Did you know the percent of undergraduate degrees in computer science held by women is less than 20% even though women hold 60% of undergraduate degrees? Similar numbers appear in the workforce. This is a fact that struck home with Kirsten Signar, a software developer at e2b teknologies who recently spoke at the Ohio Celebration of Women in Computing (OCWIC), a conference designed to encourage and empower women pursuing computer science and other STEM fields.
“I gave a talk about confidence and accomplishing goals despite ours and other people’s misconceptions about women in computing and our insecurities,” said Kirsten. “Ultimately, it was about ways in which we can most effectively work with our male coworkers and classmates professionally in order to get things done. We all discovered that most of us have faced the same hardships in classrooms or workplaces due to our gender, which is a useful realization in overcoming them and closing the gender gap.”
Kirsten first got involved with the OCWIC group through a CS professor at Hiram, “The focus of the conference is around building confidence and learning how to handle issues that many women face in these fields and encouraging participation in the sciences. It’s a lot of fun and a great networking opportunity.” When asked about her choice to be a part of this group, Kirsten explained:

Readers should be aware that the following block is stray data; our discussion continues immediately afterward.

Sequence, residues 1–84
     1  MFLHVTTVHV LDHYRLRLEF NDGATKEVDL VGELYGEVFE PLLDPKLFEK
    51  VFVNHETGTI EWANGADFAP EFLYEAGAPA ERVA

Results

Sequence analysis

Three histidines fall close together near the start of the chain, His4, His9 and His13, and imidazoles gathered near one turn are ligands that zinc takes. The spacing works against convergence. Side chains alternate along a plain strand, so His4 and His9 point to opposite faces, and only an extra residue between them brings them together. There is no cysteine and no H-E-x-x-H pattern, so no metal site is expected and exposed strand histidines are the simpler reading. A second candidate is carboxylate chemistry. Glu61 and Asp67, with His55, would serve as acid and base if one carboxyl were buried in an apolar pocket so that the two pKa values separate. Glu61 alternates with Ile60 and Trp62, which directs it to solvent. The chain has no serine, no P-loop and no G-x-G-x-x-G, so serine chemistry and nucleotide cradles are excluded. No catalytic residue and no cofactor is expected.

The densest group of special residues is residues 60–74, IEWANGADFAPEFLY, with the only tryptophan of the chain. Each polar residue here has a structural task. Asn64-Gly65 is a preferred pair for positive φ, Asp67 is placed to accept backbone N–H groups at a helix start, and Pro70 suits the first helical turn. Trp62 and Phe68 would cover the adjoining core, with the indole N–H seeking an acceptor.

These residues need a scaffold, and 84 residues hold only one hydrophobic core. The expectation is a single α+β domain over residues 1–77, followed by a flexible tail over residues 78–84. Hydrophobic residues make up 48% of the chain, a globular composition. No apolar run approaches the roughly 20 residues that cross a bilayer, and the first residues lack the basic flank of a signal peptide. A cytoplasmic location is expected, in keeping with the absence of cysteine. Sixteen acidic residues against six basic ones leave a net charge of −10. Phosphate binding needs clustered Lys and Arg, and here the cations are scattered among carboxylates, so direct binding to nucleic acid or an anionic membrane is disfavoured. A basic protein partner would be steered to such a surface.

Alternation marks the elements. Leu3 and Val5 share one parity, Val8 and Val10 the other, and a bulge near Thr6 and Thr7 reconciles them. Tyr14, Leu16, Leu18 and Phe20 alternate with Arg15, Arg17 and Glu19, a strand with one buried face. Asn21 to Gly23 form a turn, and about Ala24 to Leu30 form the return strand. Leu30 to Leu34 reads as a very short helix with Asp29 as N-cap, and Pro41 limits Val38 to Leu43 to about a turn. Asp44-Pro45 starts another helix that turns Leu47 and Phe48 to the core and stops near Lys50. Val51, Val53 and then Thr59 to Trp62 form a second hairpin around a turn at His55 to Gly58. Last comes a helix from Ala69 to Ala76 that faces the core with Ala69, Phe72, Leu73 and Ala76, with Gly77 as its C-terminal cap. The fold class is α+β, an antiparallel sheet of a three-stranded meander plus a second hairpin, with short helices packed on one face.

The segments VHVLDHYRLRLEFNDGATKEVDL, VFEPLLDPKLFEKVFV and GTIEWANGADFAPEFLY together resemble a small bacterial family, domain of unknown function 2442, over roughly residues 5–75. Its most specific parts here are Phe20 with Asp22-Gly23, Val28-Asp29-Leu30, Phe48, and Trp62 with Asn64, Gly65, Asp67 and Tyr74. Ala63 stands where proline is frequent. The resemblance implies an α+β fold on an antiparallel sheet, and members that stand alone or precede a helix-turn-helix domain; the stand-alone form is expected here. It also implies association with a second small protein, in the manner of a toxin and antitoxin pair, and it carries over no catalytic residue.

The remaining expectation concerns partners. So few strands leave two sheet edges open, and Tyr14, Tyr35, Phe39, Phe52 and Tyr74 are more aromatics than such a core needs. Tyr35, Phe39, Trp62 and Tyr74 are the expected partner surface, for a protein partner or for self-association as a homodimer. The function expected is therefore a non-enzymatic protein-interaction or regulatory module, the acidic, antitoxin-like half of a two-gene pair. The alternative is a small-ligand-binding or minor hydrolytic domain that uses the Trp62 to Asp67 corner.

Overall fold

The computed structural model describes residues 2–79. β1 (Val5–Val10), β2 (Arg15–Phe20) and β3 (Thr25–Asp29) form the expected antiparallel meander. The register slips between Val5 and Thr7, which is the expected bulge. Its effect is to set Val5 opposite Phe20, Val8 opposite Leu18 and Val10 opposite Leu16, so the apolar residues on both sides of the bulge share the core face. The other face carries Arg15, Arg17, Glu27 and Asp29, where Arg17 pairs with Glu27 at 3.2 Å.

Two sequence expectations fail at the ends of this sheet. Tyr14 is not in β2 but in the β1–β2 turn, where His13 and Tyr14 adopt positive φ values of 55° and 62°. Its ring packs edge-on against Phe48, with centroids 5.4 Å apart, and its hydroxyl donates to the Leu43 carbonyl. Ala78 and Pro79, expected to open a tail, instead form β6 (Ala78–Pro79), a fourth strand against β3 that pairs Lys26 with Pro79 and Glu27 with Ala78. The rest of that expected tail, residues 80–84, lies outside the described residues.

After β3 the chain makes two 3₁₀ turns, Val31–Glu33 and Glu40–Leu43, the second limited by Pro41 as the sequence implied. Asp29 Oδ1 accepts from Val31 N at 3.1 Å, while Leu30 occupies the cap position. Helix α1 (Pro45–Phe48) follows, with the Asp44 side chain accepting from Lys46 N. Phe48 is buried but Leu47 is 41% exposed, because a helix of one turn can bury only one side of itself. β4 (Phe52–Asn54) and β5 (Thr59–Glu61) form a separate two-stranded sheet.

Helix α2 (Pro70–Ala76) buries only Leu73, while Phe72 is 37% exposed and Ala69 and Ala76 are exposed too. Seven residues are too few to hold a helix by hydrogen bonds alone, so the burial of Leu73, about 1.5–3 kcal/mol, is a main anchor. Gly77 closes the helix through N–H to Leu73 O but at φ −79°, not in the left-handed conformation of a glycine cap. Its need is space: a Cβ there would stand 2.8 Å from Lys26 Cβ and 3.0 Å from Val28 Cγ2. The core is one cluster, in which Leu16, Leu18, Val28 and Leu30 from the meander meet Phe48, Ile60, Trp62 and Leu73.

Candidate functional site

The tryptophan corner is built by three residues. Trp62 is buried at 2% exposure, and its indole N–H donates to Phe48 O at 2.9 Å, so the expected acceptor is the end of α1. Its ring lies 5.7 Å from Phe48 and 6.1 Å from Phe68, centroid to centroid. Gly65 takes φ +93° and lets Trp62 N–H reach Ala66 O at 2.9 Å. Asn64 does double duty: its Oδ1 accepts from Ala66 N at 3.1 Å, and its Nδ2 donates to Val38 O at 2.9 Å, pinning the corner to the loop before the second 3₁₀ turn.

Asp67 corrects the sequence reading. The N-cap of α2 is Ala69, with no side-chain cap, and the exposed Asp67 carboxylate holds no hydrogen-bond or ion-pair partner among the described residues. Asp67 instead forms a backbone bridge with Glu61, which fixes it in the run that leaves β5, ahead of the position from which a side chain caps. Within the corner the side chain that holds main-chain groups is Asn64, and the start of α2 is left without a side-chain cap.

“OCWIC helps people achieve a certain introspective conscientiousness about one’s capabilities, which is why I like it. It helps people realize what they are really capable of and brings out that courage and confidence necessary to achieve great things. It is exciting to see advancements being made in big areas like data mining and artificial intelligence, new businesses rising from technology, and just how much women contribute to and lead these advancements. It generates a lot of excitement about the world of computing, and it raises enthusiasm about developing new ideas in technology and in becoming capable leaders in these advancements.”
The OCWIC conference brings together women from colleges and universities throughout Ohio to learn from thought-leaders including professors, doctorate students or graduates, industry professionals, CEOs of tech-businesses, and researchers – all of whom are women and experts in their fields to talk and share their experiences and their work. Some common themes of discussion include:
- Pursuing research or job opportunities
- Advice on balancing working with studying
- Identifying leadership qualities
- Dealing with being a minority in computer science fields
- How to identify and handle sexist attitudes in our environments.
Attendees also get to present their own research and participate in workshops, resume-review sessions, and job/grad-school fairs. Learn more about OCWIC here.
“Thought leadership and being a part of the real conversation, not just selling software, is something important to all of us at e2b,” said Lynne Henslee, President of e2b teknologies. “We are very proud of Kirsten for her investment in this group and participation in discussions like this that really make a difference; not only in the lives of women in technology, but in our industry as a whole.”